The Romance Is Over
Rest assured, however, that those notorious burps and farts are still present. Because those are important.
Shrek Forever After, by its very nature, illustrates its own lack of necessity. Since the franchise had already exhausted the thin premise upon which the previous three movies managed to subsist, this sequel didn't have many possible directions in which to turn. So, the filmmakers returned to the very beginning to revise the (fairy tale) revisionism, so to speak. When the fourth film commences, Shrek (Mike Myers) is feeling the inertia of
this drawn-out franchise daily life, which he finds to be awfully boring compared to the excitement of doing what an ogre does best; that is, generally scaring the crap out of people. Also, he's feeling the weight of inertia after the first three movies worth of wooing his true love, breaking curses, and dealing with various obstacles on the way to his own "happily ever after." Quite simply, Shrek has quickly grown disenchanted with his relatively peaceful family life with Princess Fiona (Cameron Diaz), which mostly revolves around caring for their infant triplets. Since it wouldn't be much of a movie to watch an emasculated Shrek spend most of his time changing diapers -- instead of being his former fearsome self and throwing his own poop at the audience -- the movie turns to the only possible plot device by figuratively deleting Shrek, placing him in an alternate reality, and making him fight his way back into dreadfully boring domesticated life. Ooh, good plan.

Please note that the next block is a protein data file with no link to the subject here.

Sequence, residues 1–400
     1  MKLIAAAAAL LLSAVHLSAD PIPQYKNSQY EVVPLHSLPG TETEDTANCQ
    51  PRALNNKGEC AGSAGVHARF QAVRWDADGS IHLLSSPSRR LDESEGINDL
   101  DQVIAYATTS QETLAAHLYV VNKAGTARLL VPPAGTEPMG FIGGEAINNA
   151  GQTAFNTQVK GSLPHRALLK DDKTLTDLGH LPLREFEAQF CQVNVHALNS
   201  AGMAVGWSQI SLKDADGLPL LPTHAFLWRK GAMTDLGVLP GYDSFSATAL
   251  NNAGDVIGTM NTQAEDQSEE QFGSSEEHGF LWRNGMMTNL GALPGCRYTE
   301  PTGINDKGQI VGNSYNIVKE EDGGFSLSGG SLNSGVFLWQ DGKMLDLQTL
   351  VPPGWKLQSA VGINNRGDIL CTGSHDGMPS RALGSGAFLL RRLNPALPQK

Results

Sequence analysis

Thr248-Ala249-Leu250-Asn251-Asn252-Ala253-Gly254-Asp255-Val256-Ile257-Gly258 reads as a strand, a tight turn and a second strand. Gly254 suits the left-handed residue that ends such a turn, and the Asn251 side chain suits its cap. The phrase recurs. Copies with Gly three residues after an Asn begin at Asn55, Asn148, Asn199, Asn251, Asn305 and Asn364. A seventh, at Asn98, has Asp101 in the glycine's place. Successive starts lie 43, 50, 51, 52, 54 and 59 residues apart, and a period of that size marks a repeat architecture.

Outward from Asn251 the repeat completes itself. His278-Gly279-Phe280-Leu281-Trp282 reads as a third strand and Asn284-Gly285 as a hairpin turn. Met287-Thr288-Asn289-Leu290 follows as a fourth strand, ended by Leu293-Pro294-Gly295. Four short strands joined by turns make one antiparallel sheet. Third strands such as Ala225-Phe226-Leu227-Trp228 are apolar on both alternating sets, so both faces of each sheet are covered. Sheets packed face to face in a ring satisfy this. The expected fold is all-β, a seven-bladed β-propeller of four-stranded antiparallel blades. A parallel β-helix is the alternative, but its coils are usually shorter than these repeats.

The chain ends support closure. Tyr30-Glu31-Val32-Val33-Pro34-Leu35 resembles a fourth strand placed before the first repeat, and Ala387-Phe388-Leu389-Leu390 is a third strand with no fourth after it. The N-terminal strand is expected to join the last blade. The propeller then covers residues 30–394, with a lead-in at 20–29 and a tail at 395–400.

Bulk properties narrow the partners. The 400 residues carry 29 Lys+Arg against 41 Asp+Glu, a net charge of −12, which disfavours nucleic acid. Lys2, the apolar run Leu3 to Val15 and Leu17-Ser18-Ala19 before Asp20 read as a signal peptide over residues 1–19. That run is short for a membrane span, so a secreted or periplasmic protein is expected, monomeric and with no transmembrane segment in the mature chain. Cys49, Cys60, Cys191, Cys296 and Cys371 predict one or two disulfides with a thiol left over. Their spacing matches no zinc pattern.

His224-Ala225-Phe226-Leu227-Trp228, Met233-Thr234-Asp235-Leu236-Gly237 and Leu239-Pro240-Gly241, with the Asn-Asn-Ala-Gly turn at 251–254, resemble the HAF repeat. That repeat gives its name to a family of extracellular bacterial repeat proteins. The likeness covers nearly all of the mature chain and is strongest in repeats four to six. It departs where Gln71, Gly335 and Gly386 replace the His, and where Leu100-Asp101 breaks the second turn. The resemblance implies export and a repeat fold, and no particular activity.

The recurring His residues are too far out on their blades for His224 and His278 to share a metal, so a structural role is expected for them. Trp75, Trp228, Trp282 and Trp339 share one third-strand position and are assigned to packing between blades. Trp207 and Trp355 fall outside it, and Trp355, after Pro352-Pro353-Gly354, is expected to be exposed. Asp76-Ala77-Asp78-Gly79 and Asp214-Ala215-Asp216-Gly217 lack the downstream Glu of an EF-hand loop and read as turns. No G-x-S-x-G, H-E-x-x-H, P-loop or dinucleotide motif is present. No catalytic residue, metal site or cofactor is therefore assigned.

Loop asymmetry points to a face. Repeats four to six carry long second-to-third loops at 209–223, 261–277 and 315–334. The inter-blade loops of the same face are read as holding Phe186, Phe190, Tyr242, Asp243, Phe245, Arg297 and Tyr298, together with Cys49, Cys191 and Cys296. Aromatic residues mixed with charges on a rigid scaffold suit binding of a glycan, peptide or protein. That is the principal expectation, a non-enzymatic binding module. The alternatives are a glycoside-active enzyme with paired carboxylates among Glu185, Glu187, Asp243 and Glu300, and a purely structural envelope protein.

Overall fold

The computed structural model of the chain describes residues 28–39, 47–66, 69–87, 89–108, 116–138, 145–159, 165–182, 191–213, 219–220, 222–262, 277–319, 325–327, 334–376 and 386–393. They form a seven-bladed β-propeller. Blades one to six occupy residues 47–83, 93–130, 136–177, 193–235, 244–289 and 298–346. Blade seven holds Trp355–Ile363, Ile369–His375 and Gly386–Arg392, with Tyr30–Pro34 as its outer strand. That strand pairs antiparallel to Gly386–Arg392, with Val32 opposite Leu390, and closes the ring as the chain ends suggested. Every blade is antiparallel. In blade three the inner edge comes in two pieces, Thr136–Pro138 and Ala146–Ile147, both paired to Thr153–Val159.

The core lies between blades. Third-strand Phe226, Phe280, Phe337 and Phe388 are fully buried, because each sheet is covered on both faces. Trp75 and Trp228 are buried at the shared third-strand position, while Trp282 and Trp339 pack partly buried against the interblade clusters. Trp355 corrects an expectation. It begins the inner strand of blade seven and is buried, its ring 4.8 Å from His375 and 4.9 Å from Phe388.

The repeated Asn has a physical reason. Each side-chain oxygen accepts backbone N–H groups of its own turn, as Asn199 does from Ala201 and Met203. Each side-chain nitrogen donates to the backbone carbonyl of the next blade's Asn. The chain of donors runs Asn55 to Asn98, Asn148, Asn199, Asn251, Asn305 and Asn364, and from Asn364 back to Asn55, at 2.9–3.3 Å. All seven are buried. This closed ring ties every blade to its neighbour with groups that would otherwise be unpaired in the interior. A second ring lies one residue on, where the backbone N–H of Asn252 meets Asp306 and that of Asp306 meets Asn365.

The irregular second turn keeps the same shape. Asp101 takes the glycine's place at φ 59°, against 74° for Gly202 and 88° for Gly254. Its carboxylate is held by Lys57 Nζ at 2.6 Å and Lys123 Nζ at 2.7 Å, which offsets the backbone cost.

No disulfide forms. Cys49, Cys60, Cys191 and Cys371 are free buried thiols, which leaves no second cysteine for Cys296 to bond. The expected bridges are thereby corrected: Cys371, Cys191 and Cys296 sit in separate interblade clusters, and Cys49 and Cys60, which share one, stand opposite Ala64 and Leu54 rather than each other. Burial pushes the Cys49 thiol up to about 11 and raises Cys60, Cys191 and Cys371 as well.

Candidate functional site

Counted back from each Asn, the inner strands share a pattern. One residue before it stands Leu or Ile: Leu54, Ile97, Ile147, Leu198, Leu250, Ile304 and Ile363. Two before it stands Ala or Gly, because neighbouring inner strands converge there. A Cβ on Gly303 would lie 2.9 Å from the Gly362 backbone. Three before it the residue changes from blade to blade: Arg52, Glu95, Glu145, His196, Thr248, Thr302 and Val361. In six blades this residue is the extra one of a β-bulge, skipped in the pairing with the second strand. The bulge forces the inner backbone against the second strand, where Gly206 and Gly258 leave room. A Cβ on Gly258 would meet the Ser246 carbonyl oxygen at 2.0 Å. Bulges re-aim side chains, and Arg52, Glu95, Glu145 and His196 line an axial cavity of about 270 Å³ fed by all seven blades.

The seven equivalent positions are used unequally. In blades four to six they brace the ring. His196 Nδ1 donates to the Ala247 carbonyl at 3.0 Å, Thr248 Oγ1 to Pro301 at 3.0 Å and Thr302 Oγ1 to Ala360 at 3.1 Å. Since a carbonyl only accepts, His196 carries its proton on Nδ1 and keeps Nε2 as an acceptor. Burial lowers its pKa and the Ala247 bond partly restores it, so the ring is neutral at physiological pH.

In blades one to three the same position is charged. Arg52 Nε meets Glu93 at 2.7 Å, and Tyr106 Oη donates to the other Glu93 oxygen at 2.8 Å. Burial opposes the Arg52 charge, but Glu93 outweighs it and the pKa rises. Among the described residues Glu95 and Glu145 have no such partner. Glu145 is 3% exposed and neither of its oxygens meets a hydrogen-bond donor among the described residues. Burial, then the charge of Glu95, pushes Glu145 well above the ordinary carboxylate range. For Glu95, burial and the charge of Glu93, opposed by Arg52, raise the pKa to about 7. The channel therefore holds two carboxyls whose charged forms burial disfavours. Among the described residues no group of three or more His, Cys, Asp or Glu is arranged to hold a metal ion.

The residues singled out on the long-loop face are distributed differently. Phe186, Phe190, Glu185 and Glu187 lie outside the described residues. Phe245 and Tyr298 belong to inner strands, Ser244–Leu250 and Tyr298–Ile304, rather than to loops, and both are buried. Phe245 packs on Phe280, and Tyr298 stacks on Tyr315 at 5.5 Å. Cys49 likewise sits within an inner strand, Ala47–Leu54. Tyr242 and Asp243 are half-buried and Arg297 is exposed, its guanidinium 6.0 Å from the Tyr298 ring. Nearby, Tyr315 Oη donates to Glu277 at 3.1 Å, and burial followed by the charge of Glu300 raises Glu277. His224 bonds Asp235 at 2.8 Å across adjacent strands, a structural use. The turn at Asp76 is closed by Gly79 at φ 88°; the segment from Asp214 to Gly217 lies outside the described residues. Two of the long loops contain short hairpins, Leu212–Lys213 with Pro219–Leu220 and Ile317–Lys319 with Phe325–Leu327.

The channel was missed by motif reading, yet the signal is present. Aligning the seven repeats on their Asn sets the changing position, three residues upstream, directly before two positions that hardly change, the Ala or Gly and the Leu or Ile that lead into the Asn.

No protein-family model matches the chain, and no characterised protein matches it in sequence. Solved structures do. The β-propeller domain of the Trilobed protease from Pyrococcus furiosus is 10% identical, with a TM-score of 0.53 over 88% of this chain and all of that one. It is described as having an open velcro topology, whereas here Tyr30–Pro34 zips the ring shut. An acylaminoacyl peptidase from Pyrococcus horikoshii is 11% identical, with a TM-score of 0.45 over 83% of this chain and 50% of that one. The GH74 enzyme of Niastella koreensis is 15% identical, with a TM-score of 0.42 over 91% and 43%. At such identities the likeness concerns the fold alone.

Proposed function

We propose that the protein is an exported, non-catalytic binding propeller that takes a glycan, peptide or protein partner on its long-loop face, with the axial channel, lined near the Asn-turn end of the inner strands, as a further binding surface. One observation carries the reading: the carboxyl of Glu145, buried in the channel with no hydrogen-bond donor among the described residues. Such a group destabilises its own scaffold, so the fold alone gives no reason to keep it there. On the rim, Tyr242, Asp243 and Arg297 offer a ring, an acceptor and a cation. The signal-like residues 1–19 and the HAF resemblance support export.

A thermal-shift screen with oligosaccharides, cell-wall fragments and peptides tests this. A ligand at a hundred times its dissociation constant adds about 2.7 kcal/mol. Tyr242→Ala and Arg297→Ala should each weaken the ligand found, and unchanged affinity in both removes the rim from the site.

So, the story introduces Rumpelstiltskin (Walt Dohrn), who offers Shrek a one-day pass, during which he shall be free from domesticity. In exchange, Stiltz only asks for a mere day of the ogre's childhood. Naturally, Shrek jumps at the chance, but Stiltz antes up by claming the day Shrek was born, effectively erasing the titular ogre from existence and leaving him with a mere 24 hours to put things back where they should be, or he shall be erased completely. Now, Shrek is recognized by none of his former comrades, including his best friend, Donkey (Eddie Murphy) and Puss in Boots (Antonio Banderas), who has transformed into a fattie. Stiltz now runs the kingdom of Far Far Away (this is rationalized through a flashback, which presumes that Stilz lost a power struggle towards the beginning of the franchise and has yearned for revenge against Shrek all along) and has placed ogres into slavery. As such Fiona has become the leader of the freedom-fighting resistance (which is the closest Diaz will ever get to playing that sort of role). When Stiltz describes Shrek's dilemma as a "metaphysical paradox," the semi-enchanted spellbound audience of the first three Shrek films finally breaks free from the ridiculous hold that this franchise formerly held over the box office.
To further emphasize the cash-grab aspect of this sequel, DreamWorks Animation has made a huge deal of making the transformation to 3-D. This is a self-defeating move, and the visual results pale in comparison to the studio's recent How to Train Your Dragon. Not to mention the fact that Dragon dealt with more mature themes while still maintaining an adventuresome spirit. Still, it's not for lack of halfheartedly trying because, technically speaking, Shrek Forever After does attempt to deal with more "adult" themes. Still, imagine how It's a Wonderful Life would have been if directed by the guy who gave us Deuce Bigalow: Male Gigolo (Mike Mitchell), and you've essentially figured out how this sequel fares. After tossing in countless expected pop culture riffs to The Wizard of Oz , Groundhog Day, and Deliverance (just to name a few), yet still managing to lose all the whimsical enjoyment of the other Shrek movies, and we've got one dead franchise. Skip this movie at all costs.
Agent Bedhead lives in Tulsa, Oklahoma. She and her little black heart can be found at agentbedhead.com.
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